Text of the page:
There are more than sixty catacombs in Rome, with hundreds of miles of galleries and tens of thousands of tombs. Catacombs are found also at Chiusi, Bolsena, Naples, in eastem Sicily and in North Africa too. The system of underground digging was not the invention of the Christians, nor was it caused by the persecutions. The catacombs were simply Christian collective burial grounds, dug out in the depths of the earth.
The Christians adopted a preexisting technique of excavation and developed it on an immense scale into a vast and multi-levelled network of galleries. This was the solution to the problems of burial of a large community with an ever increasing number of members. The speedy and enormous development of some catacombs was also due to the cult of the martyrs buried there. Many Christians insisted on having a tomb as close as possible to the venerated graves of the martyrs, in order to secure their intercession.
The catacombs are visited to-day by thousands of pilgrims from all over the world, because of their importance. The catacombs with their precious patrimony of paintings, inscriptions, sculptures, etc., are considered the authentic archives of the primitive Church, which document her usages and customs, her rites and beliefs and the Christian doctrine, as it was understood, taught and practised in that time.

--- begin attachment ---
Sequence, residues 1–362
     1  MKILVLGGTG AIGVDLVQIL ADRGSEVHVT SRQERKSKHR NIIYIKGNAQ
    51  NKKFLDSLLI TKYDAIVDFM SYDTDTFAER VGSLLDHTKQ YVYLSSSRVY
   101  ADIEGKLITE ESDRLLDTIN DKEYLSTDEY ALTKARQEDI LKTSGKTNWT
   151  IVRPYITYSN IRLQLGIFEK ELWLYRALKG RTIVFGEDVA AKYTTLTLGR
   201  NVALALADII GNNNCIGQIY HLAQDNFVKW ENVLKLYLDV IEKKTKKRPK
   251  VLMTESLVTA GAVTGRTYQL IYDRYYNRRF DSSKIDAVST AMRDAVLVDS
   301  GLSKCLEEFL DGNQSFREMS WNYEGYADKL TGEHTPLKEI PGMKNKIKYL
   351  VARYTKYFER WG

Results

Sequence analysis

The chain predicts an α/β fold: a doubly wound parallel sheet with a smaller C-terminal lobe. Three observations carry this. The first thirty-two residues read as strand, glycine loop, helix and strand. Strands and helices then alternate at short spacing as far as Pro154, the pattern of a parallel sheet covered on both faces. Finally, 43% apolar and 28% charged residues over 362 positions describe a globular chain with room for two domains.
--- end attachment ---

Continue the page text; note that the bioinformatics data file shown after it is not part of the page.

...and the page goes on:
The early Christians did not bury their faith nor their lives in the underground, but lived common people lives in their families, in society, in all activities, jobs and professions. They testified their faith everywhere, but it was in the catacombs that those heroic Christians found the strength and support to face the trials and persecutions, as they prayed to God through the martyrs’ intercession.
The Christians of the first centuries bore a wonderful witness to Christ; many of them even by the shedding of their blood, so that martyrdom has become a glorious mark of the Church.
Despite the fact that the catacombs are, after all, only cemeteries, they speak to the mind and heart of the visitors in a silent and understandable language. In the catacombs everything speaks of life more than death. Every gallery they pass through, every symbol or painting they see, every inscription they read, brings the past to life and gives a message of faith and of Christian testimony.
Therefore the visit to the catacombs cannot be reduced to a mere sightseeing tour neither to a cultural archaeological trip. Following the example of the numberless pilgrims of the past, it should turn out to be an authentic pilgrimage of faith to one of the historical monuments that better expresses the life and martyrdom of the Roman Church of the first centuries.
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